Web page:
When Vic Giniuzas receives the call, he finds it hard to contain his excitement. From his home in Springwood, he sets off into pristine and often isolated parts of the Blue Mountains with valuable technology in his backpack. Sometimes, his mission requires him to camp out overnight – not that he’s complaining.
“I enjoy exploring,” he says. “It’s a bit like prospecting. You might find something valuable, something unique.”
Vic is a proud ‘citizen scientist’. For a couple of years he had been doing his own research into the Giant Burrowing Frog, which is threatened. Since August, 2020, he has been able to put his knowledge to good use as a volunteer assisting University of Newcastle researchers.
In 2019, renowned amphibian expert Professor Michael Mahony and his team received $300,000 from the NSW Government’s Saving Our Species grant to investigate the threats to five threatened frog species in protected habitats such as Vic’s beloved Blue Mountains National Park as well as the Barrington Range and New England Range.
As part of the three-year project, citizen scientists – local residents and community groups such as Bushcare Blue Mountains – are helping to monitor auditory data loggers known as AudioMoths, which are placed near known frog populations to record their calls. Volunteers such as Vic take the AudioMoths to designated sites and retrieve data every six weeks or so which is then shared with University of Newcastle researchers.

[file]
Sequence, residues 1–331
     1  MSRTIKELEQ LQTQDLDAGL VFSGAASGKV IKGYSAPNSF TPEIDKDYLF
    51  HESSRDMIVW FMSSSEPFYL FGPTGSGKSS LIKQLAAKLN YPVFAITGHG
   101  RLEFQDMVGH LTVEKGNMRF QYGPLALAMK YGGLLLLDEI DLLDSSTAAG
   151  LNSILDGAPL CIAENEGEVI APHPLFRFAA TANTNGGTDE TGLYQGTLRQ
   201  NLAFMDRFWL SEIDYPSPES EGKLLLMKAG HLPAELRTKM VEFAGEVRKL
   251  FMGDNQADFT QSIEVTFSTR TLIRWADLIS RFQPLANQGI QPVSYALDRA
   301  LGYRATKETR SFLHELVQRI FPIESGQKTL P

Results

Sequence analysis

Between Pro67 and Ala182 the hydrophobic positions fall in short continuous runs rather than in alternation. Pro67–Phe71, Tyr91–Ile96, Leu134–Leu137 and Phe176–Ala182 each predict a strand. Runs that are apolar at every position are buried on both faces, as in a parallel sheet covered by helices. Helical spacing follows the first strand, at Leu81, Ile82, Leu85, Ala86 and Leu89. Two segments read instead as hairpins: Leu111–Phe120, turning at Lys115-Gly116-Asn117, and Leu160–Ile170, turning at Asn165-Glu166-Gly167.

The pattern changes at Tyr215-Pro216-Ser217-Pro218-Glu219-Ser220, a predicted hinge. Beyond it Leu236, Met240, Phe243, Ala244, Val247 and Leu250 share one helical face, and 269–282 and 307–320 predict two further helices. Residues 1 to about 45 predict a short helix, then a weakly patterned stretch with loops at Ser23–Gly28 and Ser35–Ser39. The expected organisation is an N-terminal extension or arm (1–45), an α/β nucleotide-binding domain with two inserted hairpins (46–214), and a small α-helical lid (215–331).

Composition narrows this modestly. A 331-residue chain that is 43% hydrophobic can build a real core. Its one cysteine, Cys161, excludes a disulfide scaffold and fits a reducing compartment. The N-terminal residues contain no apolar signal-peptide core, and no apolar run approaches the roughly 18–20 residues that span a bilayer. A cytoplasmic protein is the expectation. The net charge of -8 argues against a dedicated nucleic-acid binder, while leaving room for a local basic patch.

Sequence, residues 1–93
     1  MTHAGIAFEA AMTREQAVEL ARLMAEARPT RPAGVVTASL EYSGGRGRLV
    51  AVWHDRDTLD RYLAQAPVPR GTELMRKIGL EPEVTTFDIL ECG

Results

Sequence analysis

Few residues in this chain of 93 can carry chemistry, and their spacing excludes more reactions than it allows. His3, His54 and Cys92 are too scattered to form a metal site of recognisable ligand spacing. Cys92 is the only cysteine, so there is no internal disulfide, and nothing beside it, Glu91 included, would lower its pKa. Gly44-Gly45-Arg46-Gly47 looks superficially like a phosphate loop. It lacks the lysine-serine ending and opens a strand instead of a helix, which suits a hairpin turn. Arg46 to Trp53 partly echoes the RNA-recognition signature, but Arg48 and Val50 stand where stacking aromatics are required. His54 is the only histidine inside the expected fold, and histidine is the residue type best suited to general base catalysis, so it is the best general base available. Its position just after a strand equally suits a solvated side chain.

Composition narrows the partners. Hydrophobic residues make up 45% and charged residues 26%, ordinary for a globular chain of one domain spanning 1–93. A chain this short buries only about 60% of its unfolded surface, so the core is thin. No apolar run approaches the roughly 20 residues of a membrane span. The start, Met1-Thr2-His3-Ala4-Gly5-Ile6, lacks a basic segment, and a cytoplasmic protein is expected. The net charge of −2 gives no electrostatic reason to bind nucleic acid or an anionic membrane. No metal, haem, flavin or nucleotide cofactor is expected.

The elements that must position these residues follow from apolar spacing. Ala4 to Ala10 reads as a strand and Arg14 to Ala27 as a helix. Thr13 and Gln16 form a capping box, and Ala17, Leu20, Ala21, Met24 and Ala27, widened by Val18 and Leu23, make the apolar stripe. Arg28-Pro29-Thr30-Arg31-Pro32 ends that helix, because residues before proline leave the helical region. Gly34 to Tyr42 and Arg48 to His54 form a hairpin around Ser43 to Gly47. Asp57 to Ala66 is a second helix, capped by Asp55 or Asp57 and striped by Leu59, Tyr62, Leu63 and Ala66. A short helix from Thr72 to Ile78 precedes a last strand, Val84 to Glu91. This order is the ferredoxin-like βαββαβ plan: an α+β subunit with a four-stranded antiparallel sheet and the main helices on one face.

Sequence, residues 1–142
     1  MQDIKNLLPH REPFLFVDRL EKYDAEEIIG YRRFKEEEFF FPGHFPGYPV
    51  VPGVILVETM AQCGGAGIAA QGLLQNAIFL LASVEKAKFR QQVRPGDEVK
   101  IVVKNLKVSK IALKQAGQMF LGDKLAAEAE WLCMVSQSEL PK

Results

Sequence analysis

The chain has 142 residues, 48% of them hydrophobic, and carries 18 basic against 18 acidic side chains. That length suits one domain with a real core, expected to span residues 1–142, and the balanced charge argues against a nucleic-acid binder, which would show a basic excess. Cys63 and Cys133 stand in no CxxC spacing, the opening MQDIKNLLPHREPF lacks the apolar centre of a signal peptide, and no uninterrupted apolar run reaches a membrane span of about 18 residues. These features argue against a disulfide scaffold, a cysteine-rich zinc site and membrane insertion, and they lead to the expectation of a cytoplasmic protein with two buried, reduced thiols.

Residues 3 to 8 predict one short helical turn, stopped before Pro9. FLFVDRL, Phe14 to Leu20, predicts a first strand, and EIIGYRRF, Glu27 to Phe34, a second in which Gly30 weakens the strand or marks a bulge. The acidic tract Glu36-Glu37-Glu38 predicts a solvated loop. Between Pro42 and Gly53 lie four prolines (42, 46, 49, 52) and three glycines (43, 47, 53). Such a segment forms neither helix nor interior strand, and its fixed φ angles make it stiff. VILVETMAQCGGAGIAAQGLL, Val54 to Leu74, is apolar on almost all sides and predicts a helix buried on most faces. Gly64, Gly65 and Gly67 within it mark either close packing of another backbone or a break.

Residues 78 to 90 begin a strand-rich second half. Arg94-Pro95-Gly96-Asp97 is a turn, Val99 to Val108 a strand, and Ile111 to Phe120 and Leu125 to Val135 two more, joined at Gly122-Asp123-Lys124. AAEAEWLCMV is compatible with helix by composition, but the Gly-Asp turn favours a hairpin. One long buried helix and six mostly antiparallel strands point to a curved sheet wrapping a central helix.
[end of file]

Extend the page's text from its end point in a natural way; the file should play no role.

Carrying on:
For Vic, being involved in the project gives him a sense of purpose: “I’ve always been a nature nerd and it gives my interest and passion legitimacy. You feel like you’re part of something bigger.”
Michael Mahony is a driving force behind the University's engagement with citizen scientists. A committed teacher who began his science career supervising high school students while completing his PhD, Michael's mentorship was recognised in 2016 by former University of Newcastle student Dr Simon Clulow, who named a newly discovered frog after him. Mahony's Toadlet (Uperoleia mahonyi) is found in select coastal sand swamps in the Myall Lakes, Port Stephens and Central Coast.
Michael's passion for teaching combined with a commitment to conservation drives his focus outside the lab on the role of citizen scientists. He has worked alongside hundreds of people throughout his research career who may not have attended university, but want to do their bit to protect frogs.